With one address “leak” a few years ago my hunch was that traffic sniffing was involved, randomly plucking the address a relatively brief window of opportunity.

I use the internet with the assumption that all unencrypted traffic (at least!) is fair game to anyone who wants it enough; all intended privacy risks being compromised.

I’ve struggled to think of any other service/system (virtual or physical) that could successfully survive with the amount of misuse and abuse that email gets. None of us would risk driving if we knew we’d be involved in an accident every 8-9 out of ten times on the road. :wink: I suppose you could say the internet as a whole manages to survive and even thrive in spite of the ongoing stream of nefarious traffic that pollutes it. But obviously that doesn’t mean it’s a healthy way for it to be operating.

Both are able and welcome to read anything here. To say it’s “monitored” is a bit inaccurate; there’s no guarantee every post will be read, and plenty will never get responses even if they are.

Please don’t; I appreciate it being a public discussion up to now.

I’ve had the same – very public – email address, since roughly the dawn of time (well, since @ signs started being used for routing instead of !bang!paths). Unfiltered, I’d get an average of 50-70K pieces of junk mail, every 24 hours.

I guess I could just change my email address, and I have a few that are less-published, but at the end of the day, I’m just at: f**k 'em, I’m not gonna move email because hordes of idiots send spam.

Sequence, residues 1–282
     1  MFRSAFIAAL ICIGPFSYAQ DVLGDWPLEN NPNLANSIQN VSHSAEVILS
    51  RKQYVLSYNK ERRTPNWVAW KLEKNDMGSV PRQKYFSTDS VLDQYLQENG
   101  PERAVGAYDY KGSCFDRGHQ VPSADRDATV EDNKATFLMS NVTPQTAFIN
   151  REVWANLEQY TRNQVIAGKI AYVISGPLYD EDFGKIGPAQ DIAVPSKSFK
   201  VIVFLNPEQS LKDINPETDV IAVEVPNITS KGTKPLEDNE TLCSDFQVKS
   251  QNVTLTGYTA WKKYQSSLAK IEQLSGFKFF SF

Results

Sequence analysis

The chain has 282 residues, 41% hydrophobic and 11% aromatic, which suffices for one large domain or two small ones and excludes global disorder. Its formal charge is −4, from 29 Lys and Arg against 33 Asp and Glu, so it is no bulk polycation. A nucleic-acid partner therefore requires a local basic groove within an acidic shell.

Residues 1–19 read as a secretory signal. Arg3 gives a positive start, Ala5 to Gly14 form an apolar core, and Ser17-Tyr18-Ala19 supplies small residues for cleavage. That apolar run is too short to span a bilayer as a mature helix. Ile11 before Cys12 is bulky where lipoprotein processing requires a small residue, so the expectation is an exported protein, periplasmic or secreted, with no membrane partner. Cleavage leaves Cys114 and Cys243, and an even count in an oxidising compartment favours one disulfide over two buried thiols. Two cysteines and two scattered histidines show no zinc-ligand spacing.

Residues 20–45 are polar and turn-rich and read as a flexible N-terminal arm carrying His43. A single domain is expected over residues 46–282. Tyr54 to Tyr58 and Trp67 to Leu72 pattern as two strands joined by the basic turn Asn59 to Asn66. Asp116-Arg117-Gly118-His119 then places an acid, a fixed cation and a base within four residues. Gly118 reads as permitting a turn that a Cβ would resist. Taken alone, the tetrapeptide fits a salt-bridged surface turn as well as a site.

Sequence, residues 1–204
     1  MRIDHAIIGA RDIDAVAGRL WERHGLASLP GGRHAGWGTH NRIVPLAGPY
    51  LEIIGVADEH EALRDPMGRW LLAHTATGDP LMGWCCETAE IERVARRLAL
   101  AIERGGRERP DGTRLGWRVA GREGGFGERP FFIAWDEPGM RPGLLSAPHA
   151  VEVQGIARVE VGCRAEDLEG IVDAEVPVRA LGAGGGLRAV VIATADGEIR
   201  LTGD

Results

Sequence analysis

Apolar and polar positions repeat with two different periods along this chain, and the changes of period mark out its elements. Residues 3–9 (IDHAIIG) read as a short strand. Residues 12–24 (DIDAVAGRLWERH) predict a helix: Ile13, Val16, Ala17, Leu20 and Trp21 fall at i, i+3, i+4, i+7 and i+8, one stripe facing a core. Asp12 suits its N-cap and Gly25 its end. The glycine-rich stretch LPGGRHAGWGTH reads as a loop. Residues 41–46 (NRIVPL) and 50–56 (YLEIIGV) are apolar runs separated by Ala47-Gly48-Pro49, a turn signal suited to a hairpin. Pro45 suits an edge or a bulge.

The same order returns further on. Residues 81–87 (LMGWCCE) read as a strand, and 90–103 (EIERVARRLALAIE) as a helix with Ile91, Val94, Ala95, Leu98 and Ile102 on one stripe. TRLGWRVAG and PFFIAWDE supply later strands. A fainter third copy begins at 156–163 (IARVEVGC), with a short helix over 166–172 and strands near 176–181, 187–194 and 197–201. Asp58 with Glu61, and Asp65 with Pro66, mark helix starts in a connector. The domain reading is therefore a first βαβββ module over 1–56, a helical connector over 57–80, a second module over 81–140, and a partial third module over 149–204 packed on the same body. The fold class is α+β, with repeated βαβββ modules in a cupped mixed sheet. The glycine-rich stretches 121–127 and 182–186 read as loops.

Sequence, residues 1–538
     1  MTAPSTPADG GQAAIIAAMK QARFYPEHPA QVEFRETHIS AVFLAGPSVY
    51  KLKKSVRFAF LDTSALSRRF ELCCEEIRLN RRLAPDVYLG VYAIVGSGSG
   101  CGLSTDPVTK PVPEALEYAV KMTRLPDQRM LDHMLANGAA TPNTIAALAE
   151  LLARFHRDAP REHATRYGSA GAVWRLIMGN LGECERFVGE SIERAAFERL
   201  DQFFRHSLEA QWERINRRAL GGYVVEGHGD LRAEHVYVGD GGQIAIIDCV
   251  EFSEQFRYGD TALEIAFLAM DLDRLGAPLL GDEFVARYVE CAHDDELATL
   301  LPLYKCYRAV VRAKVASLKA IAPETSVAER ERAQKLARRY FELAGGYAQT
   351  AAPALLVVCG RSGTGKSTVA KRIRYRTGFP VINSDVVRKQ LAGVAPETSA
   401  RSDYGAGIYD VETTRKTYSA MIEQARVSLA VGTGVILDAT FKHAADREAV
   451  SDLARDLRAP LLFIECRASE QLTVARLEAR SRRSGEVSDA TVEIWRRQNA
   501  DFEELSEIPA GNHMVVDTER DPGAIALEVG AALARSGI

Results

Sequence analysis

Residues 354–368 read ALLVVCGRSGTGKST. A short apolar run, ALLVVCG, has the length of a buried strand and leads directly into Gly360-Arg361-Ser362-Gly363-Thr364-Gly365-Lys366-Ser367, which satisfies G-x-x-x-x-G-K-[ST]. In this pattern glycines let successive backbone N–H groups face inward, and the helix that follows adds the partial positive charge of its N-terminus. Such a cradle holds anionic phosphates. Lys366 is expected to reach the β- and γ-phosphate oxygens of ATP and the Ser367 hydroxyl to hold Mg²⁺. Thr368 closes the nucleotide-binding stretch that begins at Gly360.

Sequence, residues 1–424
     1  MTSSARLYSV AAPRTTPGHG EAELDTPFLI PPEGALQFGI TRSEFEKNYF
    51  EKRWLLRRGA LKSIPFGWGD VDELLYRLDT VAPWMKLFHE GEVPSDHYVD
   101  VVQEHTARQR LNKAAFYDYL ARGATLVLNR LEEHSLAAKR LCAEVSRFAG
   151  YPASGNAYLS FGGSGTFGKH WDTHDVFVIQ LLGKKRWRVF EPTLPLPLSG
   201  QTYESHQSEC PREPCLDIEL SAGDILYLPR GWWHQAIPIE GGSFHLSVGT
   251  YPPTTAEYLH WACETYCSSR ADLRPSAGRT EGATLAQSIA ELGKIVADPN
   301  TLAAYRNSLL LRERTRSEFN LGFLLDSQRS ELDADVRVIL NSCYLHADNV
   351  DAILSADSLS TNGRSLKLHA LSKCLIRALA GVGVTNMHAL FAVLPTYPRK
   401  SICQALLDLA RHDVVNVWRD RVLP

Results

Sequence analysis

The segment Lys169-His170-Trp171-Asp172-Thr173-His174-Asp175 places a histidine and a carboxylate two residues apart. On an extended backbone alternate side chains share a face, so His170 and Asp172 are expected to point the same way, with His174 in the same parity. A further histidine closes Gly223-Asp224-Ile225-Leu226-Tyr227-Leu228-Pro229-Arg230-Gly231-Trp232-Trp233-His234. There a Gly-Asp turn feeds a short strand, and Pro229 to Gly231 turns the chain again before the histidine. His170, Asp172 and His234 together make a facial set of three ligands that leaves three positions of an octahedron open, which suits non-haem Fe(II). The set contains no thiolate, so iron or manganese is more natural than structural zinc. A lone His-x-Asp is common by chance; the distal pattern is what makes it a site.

“Tracking” the origins of spam, or complaining about it, is ultimately kinda pointless. It accomplishes nothing except wasting hours of your time and putting you in a bad mood. It’s not like anybody is ever gonna find anything, 'cept zombie Windoze boxes, or some botnet in Korea or China.

We have a load-balanced firewall of OpenBSD servers that do nothing but deflect or destroy 99% of all the crap aimed at our domains. It utilizes white-listing, black-listing, grey-listing, tarpitting, everything + the kitchen sync. It works really well. I get maybe 5-10 pieces of junk mail a day, which’s mail filter deals with.

On a really bad day, I see perhaps 1 piece of spam.

A very cheap, do-it-yourself method of cleaning up your email, without controlling your own domain or servers, is: just run everything through gmail. While Google can and will, save every bit of information it possibly can about you, if you don’t care about that aspect, they do a surprisingly good job of killing probably 98% of all spam, while letting the material you want get through. Google requires: no knowledge on your part, no complex-interlocking open source *nix software to compile + configure, no hardware, no … nothing actually, except giving away all the information contained within your email to Google in perpetuity, because they love you, lots and lots, forever n’ ever.